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  • Ex-NSA hacker took control of MacOS via Office document

    Posted on Alex5723 Comment on the AskWoody Lounge

    Home Forums AskWoody support Non-Windows operating systems macOS Ex-NSA hacker took control of MacOS via Office document

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      • #2286692 Reply
        Alex5723
        AskWoody Plus

        A security researcher who specializes in MacOS found a way to hack users who would double click on a Microsoft Office file, with no need for any other interaction

        A On Wednesday, former NSA hacker Patrick Wardle will demonstrate how he was able to create a chain of exploits that would have allowed hackers to take control of a Mac by simply convincing the target to open a Microsoft Office file laden with a malicious macro. Creating Office files with malicious macros is an old trick that’s been enjoying a second life lately for hackers interested in Windows targets. Wardle is now showing how macros—essentially small programs embedded in documents—could be exploited on MacOS as well. …

        A Microsoft spokesperson said that the company has “investigated and determined that any application, even when sandboxed, is vulnerable to misuse of these APIs,” the company wrote in an emailed statement. “We are in regular discussion with Apple to identify solutions to these issues and support as needed.”

        The flaws Wardle took advantage of are now fixed for the latest version of Office on Mac, and for MacOS 10.15.3.

        https://www.vice.com/en_us/article/jgxamy/hacker-finds-a-way-to-hack-mac-users-via-microsoft-office

        4 users thanked author for this post.
      • #2286706 Reply
        doriel
        AskWoody Lounger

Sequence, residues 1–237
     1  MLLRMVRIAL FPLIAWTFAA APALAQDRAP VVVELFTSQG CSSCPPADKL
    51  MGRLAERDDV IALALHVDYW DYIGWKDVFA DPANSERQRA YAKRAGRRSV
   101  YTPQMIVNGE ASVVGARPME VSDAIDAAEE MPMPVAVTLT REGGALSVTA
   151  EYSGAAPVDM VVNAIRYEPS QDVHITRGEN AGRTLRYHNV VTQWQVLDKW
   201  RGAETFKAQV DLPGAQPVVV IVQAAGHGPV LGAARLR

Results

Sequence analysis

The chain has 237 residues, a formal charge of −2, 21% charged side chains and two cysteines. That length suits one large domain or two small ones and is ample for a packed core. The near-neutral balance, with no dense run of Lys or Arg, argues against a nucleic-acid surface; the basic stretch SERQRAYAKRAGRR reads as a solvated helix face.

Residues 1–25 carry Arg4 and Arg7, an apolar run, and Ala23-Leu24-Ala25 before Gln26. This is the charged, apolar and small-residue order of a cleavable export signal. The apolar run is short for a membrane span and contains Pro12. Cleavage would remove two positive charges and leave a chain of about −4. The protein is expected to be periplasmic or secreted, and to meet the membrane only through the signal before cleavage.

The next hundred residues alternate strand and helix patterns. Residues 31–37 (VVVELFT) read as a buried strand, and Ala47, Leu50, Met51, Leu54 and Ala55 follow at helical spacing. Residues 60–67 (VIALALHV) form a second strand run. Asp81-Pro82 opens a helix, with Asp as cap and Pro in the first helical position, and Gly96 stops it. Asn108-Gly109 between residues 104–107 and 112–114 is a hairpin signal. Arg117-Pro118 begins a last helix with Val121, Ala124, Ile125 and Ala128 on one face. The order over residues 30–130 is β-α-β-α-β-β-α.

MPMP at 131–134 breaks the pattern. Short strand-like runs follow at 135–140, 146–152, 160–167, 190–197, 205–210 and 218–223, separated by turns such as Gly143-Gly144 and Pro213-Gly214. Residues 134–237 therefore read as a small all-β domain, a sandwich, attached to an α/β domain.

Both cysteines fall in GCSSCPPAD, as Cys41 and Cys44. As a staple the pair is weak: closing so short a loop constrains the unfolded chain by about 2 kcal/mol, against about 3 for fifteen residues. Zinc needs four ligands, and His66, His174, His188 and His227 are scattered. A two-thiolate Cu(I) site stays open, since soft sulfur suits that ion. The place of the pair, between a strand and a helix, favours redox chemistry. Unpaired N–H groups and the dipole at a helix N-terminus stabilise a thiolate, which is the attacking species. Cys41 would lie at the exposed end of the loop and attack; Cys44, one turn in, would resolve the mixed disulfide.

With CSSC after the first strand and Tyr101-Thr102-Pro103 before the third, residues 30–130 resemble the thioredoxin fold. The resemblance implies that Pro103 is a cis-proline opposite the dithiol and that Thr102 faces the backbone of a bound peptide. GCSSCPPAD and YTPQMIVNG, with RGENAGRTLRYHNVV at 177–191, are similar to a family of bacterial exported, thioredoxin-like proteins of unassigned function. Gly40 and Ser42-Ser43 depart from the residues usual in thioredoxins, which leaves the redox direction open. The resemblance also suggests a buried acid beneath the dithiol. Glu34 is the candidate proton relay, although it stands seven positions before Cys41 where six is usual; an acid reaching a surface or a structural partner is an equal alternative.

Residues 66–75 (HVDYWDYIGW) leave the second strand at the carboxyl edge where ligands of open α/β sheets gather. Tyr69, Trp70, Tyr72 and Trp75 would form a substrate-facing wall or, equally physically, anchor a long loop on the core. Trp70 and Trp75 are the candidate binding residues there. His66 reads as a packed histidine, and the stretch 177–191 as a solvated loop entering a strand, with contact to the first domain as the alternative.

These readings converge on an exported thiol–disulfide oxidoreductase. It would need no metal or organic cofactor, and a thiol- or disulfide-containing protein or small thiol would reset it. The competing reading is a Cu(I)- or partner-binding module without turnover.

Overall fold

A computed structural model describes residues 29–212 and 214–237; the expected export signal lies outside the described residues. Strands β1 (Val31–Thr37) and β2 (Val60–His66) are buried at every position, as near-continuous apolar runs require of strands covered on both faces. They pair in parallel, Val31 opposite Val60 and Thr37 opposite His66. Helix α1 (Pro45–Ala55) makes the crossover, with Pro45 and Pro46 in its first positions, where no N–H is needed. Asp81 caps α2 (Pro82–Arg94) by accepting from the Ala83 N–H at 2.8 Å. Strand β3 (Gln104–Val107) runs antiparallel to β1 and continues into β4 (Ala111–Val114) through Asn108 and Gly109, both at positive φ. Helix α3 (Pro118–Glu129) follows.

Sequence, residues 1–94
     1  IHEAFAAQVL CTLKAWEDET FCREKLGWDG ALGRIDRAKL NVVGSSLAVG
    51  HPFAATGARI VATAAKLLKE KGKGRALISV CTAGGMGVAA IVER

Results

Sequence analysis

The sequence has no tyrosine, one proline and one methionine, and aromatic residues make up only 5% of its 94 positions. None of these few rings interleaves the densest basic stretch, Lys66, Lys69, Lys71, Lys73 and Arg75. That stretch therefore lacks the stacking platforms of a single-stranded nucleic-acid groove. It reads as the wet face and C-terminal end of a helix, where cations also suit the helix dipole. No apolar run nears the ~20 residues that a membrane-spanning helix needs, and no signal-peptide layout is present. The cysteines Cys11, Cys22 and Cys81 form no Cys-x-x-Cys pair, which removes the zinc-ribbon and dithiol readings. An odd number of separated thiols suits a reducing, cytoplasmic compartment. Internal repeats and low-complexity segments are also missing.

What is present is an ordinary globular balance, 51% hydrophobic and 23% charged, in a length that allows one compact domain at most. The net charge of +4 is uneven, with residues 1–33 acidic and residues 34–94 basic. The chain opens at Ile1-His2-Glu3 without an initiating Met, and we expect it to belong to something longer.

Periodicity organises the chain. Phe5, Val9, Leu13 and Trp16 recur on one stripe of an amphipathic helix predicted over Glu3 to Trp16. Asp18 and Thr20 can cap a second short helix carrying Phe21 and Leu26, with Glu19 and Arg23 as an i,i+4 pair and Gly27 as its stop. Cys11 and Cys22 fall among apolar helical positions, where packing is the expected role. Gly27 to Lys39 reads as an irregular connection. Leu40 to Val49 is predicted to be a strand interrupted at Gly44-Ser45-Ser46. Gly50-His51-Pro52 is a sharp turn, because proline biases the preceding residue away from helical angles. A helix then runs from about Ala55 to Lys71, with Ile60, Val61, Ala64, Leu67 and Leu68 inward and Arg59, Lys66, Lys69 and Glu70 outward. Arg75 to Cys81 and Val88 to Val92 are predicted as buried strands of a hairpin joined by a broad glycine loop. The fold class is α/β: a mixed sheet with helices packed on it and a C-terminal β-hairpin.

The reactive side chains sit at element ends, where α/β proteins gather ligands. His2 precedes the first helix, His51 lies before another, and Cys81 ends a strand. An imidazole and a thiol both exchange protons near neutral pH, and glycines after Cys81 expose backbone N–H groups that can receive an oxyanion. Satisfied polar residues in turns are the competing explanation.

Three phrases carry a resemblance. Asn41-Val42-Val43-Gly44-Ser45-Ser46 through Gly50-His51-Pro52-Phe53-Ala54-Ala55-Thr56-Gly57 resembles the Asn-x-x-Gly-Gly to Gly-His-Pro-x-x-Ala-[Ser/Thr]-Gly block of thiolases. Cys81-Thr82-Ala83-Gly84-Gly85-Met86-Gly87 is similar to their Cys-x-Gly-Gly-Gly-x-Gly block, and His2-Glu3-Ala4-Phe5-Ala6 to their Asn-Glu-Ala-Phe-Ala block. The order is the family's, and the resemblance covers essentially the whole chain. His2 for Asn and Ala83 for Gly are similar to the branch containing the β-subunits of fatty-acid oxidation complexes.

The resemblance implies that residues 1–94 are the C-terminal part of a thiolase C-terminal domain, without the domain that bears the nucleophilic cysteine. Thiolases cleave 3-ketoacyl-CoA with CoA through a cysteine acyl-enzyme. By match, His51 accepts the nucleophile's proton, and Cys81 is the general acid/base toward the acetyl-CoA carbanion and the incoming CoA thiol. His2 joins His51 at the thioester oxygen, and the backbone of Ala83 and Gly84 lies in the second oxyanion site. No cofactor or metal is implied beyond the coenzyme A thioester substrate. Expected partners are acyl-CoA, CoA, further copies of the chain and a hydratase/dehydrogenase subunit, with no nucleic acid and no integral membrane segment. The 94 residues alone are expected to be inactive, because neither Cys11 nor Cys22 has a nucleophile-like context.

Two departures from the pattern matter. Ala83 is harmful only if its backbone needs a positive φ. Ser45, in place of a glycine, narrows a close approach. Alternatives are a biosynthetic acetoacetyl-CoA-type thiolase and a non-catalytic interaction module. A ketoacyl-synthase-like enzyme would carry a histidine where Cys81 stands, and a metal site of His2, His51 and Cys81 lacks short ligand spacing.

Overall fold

Reminds me of Kevin Mitnick.

        Back to the topic:

        Wardle’s hack was possible thanks to a series of happenstances and bugs he found and linked together.

        Specifically, we detailed the creation of a powerful exploit chain that began with CVE-2019-1457, leveraged a new sandbox escape and ended with a full bypass of Apple’s stringent notarization requirements

        It should be enough to break just one segment of the chain.
        Source HERE

        His presentation slides from Black Hat conference, im not being racist, thats its name to be clear.
        Link

        Dell Latitude E6530, Intel Core i5 @ 2.6 GHz, 4GB RAM, W10 1809 Enterprise

        HAL3000, AMD Athlon 200GE @ 3,4 GHz, 8GB RAM, Fedora 29

        • This reply was modified 1 month, 2 weeks ago by doriel.
        • This reply was modified 1 month, 2 weeks ago by doriel. Reason: link for presentation
        3 users thanked author for this post.
      • #2286773 Reply
        OscarCP
        AskWoody Plus

        I am running macOS 10.14.6, Mojave’s latest incremental release and Office for Macs 2016, so I am hoping that there will be also a fix for these two items, particularly for Office for Macs 2016, that is going to get its last patches next month and, maybe, I’m not clear at the moment if this will happen, in the second Tuesday of October, the 12th (Columbus Day), just before EOL on the 13th… And I’m not making plans to “upgrade” to 2019, where this particular bug, at least according to the article, has been fixed.

        Windows 7 Professional, SP1, x64 Group W (ex B) & macOS + Linux (Mint)

        1 user thanked author for this post.
      • #2286791 Reply
        OscarCP
        AskWoody Plus